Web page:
In the past, this wasn’t much of an issue, if you owned records or CD’s, you could leave them to family or friends, named in your will, along with your other belongings.
Nowadays, many of us download our music (along with films and books), but this means that we don’t actually own these items, and they are not assets at all, but just licences to use a product that is owned by someone else. When we die, that licence dies with us.
Music of this sort is often referred to as a ‘digital asset’ and over the last few years, as our lives become more digital e.g. online bank accounts, eBay accounts, social networking sites, domain names, email accounts, cloud storage and Pokemon Go (to name a few), lawyers have had to think about what assets we actually own, whether we can deal with these assets under a will and if so, how it should be done.
In June 2016, STEP (the Society for Trust and Estate Practitioners) published some guidance for professionals and the public about digital assets.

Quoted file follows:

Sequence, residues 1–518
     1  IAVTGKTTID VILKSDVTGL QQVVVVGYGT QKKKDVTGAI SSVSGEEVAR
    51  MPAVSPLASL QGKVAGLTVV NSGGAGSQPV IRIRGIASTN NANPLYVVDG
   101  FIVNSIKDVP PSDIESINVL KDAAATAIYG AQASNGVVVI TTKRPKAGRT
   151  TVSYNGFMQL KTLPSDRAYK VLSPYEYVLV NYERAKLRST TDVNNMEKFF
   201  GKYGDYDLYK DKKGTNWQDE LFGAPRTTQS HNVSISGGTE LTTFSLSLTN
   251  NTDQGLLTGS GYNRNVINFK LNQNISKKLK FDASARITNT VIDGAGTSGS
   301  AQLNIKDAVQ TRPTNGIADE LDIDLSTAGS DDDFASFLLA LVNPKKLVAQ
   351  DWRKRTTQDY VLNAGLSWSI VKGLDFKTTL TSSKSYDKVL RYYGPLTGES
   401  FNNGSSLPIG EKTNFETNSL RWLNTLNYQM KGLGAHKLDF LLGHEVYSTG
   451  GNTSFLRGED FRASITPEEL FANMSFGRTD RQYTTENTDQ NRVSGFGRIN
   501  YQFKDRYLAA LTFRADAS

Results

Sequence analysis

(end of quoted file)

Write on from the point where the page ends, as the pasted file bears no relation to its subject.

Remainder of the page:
To plan for your digital legacy, they suggest that you should:
- Make a list of your digital assets.
- Appoint someone you trust to deal with them – e.g. someone who is sufficiently knowledgeable to deal with online accounts.
- Make sure they know what you want to happen to them e.g. closing social media sites.
- Make sure they know how to access assets e.g. with the relevant passwords.
- Providers will have varying requirements (and are often based abroad), so make sure that the person you appoint has the requisite power to do whatever needs to be done.